How do you attach a roof rack to a fibre glass roof?

Submitted: Saturday, Sep 13, 2014 at 13:17
ThreadID: 109489 Views:3161 Replies:8 FollowUps:5
This Thread has been Archived
My 4x4 motorhome has a full fibre glass body.It is giving me the poo's taking the 2 portable solar panels in and out of the unit each time i stop.A friend suggested to mount the solar panels on a roof rack on top of the motorhome.He said this will achieve 3 things.1 I will not be handling them.2 They will act as shade to the van and 3 if there mounted 4-6 inches above my roof i will get air flow between the panels and roof when im stationary.I also intend to add another couple of solar panels.With all the vibrations that come through the van on different dirt roads i believe the screws or bolts holding the roof rack will pull straight out of the fibre glass.Does anybody know how to attach the roof rack without tearing holes in the fibre glass?
Thanks all and have a safe trip.
Back Expand Un-Read 0 Moderator

Reply By: The Bantam - Saturday, Sep 13, 2014 at 13:31

Saturday, Sep 13, 2014 at 13:31
AHH well.
that dpends on how it is constructed and if it is an all fiberglass construction or not.

I have two utes with fiberglass canopies....they have metal braces that come from the reinforced fiberglass door frames and the racks bolt thru the roof sheet onto these braces.

There has to be some structure somewhere.

cheers



AnswerID: 539041

Reply By: Les PK Ranger - Saturday, Sep 13, 2014 at 14:00

Saturday, Sep 13, 2014 at 14:00
Stuart, I would make a proper full metal roof over the fibreglass one like a tropical Landrover model, then screw to that.
Like Bantam said, there has to be a framework somewhere in there, so look for that (electronic stud finder, rivets present, obvious position when fibreglass pressed down, etc) . . . then work out where the best place is to mount a frame, then a skin of galv sheet or similar, stuck down with a modern coach and body sealer.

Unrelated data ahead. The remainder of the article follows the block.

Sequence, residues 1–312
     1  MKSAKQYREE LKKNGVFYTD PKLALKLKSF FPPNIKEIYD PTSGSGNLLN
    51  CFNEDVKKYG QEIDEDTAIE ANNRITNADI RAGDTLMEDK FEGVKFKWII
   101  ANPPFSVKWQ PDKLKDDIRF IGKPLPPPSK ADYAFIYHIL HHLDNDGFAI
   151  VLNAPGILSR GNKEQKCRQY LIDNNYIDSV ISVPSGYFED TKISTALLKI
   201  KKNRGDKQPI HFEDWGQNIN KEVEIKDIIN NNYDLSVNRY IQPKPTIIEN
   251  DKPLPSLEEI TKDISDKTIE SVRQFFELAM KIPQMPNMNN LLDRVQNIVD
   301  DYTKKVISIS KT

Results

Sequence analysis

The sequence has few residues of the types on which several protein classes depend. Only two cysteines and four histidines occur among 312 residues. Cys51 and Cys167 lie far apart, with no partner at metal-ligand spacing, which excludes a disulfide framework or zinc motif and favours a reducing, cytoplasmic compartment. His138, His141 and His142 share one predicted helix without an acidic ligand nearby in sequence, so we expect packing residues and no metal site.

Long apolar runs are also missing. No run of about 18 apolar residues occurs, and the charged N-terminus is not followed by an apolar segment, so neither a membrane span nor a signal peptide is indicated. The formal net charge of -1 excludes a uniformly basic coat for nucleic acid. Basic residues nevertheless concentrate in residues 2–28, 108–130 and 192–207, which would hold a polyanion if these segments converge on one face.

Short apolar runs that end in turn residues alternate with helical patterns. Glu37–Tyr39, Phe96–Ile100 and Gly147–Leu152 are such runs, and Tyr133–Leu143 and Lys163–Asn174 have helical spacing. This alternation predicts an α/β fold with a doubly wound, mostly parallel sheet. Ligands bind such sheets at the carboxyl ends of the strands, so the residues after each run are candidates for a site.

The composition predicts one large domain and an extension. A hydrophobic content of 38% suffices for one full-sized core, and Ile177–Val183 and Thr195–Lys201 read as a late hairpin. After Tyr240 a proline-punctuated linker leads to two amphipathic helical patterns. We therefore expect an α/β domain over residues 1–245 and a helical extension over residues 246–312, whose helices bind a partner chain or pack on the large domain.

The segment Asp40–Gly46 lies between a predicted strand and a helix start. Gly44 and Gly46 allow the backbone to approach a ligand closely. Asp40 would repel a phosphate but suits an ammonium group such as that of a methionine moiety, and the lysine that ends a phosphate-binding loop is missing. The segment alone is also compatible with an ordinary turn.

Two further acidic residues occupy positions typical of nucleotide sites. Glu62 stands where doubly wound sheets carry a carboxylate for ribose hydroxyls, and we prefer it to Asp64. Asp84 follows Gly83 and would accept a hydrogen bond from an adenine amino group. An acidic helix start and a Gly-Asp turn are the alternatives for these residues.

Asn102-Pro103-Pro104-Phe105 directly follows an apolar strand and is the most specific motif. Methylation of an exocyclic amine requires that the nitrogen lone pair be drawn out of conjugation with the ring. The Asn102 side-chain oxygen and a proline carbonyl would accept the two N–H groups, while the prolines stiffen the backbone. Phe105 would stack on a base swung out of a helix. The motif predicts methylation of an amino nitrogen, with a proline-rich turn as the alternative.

Remember, they will be permanently up high then, in the dust, so you'll have to ensure they get a regular wash down to maintain efficiency.
Also the extra risk of breakage from stones, falling branches etc.

You won't have the choice about orientating to the sun for the best results either.

What about those other type flexible panels as in this thread ?
Comment: Solar Power
Yeah you'd be up for purchasing them, but might be a lot cheaper long run rather than all the work altering the roof.

Keep in mind anything you do to the roof will increase risk of leaks too.
AnswerID: 539042

Reply By: Member - Bruce C (NSW) - Saturday, Sep 13, 2014 at 16:35

Saturday, Sep 13, 2014 at 16:35
Hi Stuart,

There may be some metal bows moulded into the roof to support it. This is the method used in the brothers motorhome.

Using a cheap nail finder go along the roof and find each one of the bows, if they exist.

If they exist, mark each one with a pencil line and work out where the legs of your "roof rack" will sit. Mark each leg positions screw holes, then drill into each of the bows, using a small drill, in those positions.